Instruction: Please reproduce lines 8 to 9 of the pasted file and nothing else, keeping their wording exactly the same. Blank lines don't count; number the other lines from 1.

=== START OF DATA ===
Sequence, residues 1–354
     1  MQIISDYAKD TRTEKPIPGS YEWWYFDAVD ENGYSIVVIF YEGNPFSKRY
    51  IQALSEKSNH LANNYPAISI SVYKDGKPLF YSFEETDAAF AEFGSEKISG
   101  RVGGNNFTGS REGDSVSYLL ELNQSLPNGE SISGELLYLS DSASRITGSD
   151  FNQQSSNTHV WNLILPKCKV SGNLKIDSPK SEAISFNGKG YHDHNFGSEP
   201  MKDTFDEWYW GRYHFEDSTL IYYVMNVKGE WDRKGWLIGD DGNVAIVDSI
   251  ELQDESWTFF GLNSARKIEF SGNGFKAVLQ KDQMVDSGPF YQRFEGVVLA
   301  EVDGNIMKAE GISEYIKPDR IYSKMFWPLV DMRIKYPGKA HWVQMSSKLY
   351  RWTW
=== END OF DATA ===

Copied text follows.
   301  EVDGNIMKAE GISEYIKPDR IYSKMFWPLV DMRIKYPGKA HWVQMSSKLY
   351  RWTW